I made this point in another post about eight years ago. What brought my attention back to it was playing the beginning of the new part of World of Warcraft. It consists of walking the player character through a sequence of events, all easy, in which he is interacting almost entirely with computer generated characters—who tell him, over and over, what a wonderful hero he is. The same pattern shows up in earlier parts of the game, but this was a particularly striking version. Everybody can be above average. Everybody, indeed, can be in the top one percent. Provided that the other ninety-nine percent are NPC's, non-player characters. 

Which raises, for those interested in predicting the future or writing science fiction, the possibility of a world where most people spend most of their time in virtual reality, interacting mainly with virtual characters—precisely because those characters, unlike real people, are designed to make them feel superior. To some degree the phenomenon exists already with fraternal organizations where practically everyone is a grand high something or other. But the future may produce an enormously more powerful, hence more corrupting, version.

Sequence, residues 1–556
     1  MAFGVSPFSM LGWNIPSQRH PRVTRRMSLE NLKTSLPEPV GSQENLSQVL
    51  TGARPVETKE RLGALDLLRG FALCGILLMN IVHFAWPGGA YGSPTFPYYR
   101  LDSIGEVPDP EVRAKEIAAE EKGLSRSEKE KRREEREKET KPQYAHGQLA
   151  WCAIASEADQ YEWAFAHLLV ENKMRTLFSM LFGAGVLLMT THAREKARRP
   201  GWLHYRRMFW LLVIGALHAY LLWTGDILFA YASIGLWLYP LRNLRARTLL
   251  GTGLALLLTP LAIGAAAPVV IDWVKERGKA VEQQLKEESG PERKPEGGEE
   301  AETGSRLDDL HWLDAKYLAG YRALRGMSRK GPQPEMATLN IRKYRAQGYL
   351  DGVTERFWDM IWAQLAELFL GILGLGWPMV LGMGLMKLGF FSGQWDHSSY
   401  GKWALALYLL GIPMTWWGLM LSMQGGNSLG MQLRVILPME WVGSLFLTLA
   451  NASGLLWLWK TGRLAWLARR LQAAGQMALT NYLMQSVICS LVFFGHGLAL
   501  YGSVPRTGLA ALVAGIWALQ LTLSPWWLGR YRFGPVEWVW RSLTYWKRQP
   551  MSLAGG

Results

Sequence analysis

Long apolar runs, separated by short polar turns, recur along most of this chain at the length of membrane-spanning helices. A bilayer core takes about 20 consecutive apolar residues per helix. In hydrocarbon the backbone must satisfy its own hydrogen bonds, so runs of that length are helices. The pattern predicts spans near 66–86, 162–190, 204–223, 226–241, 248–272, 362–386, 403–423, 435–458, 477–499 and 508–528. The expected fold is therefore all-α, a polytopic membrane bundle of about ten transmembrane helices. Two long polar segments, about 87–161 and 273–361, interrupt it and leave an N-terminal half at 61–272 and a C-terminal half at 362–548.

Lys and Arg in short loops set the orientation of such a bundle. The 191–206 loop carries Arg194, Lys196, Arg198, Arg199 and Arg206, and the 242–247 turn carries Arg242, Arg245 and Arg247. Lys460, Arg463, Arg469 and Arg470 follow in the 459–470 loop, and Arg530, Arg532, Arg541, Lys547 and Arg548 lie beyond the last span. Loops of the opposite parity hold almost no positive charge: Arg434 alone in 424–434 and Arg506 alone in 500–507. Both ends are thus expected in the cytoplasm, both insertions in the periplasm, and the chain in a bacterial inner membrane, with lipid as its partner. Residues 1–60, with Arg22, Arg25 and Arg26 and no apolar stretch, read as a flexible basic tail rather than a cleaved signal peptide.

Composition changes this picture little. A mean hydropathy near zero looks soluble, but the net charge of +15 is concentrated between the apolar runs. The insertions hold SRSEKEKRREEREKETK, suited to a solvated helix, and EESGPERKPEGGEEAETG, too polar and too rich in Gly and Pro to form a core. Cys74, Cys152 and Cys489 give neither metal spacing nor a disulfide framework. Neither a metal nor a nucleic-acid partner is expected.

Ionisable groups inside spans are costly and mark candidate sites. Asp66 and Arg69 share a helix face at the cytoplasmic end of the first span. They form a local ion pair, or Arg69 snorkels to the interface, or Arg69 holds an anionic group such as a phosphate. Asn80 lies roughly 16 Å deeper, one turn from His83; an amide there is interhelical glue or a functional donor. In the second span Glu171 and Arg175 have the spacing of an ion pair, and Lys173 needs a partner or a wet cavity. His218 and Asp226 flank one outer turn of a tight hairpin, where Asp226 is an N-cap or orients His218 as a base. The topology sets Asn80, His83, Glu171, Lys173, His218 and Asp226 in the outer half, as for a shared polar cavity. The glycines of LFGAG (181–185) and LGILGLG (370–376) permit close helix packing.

My son Bill informs me that a particular game, one I have never played, is  very good  in part because it successfully subverts the "you are the world's greatest hero" trope. He also told me that naming the game without a spoiler warning would be a Very Bad Thing to do, and I have edited this post accordingly.

Spoiler Warning













































Jade Empire

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A Revealing Cartoon

The cartoon shown below gets posted to FaceBook by people arguing for policies to reduce global warming. The implicit assumption is that all of the things they want to do for that purpose are good things that they would be in favor of even if warming was not a problem. It apparently does not occur to the people who post the cartoon that one implication of their posting it is that they have a reason to believe in, and preach, the threat of catastrophic global warming—whether or not it's true.

I expect that most of the people who post the cartoon, or approve of it, would see the point in a commercial context. They realize that the fact that someone is trying to sell you a car is a good reason to be skeptical of his account of its condition. Most would also recognize it in the political context, providing it was not their politics in question—many of them, after all, believe that criticism of CAGW is largely fueled by the self-interest of oil companies. 

But it apparently does not occur to them that, for someone not persuaded of their policies, the same argument applies to them, that, from the standpoint of the people they want to convince, the cartoon is a reason to be more skeptical of their views, not less.